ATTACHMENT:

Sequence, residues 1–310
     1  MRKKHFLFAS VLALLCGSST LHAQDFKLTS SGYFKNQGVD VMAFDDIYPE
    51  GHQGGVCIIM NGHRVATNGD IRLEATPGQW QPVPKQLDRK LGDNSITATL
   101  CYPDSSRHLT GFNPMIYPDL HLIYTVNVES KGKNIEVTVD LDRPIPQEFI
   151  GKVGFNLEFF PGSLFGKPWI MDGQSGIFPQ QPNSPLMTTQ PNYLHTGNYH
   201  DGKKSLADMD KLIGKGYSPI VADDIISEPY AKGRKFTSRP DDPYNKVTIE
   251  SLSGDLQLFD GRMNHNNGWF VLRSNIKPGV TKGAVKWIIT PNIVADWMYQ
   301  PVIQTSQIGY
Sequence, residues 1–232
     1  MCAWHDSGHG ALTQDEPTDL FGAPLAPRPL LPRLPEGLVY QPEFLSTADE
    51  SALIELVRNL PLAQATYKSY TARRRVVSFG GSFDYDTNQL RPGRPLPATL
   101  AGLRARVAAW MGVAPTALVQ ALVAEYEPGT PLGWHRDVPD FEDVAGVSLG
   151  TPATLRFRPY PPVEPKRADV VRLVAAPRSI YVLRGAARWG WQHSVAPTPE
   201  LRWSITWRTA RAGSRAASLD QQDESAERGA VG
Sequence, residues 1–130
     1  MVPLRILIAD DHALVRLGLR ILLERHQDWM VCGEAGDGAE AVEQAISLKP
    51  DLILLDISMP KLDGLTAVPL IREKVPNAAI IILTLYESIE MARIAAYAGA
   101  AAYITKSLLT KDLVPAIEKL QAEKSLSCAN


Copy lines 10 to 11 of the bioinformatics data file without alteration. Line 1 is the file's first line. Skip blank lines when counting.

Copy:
     1  MCAWHDSGHG ALTQDEPTDL FGAPLAPRPL LPRLPEGLVY QPEFLSTADE
    51  SALIELVRNL PLAQATYKSY TARRRVVSFG GSFDYDTNQL RPGRPLPATL